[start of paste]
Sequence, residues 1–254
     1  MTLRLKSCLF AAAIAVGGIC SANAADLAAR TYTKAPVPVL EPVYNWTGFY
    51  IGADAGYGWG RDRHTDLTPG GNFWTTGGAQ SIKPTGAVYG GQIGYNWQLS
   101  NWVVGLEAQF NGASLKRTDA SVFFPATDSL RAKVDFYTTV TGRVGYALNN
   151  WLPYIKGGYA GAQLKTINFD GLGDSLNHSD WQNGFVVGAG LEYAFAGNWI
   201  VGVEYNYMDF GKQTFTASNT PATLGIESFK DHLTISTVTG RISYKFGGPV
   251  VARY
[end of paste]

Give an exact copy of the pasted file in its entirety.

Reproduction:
Sequence, residues 1–254
     1  MTLRLKSCLF AAAIAVGGIC SANAADLAAR TYTKAPVPVL EPVYNWTGFY
    51  IGADAGYGWG RDRHTDLTPG GNFWTTGGAQ SIKPTGAVYG GQIGYNWQLS
   101  NWVVGLEAQF NGASLKRTDA SVFFPATDSL RAKVDFYTTV TGRVGYALNN
   151  WLPYIKGGYA GAQLKTINFD GLGDSLNHSD WQNGFVVGAG LEYAFAGNWI
   201  VGVEYNYMDF GKQTFTASNT PATLGIESFK DHLTISTVTG RISYKFGGPV
   251  VARY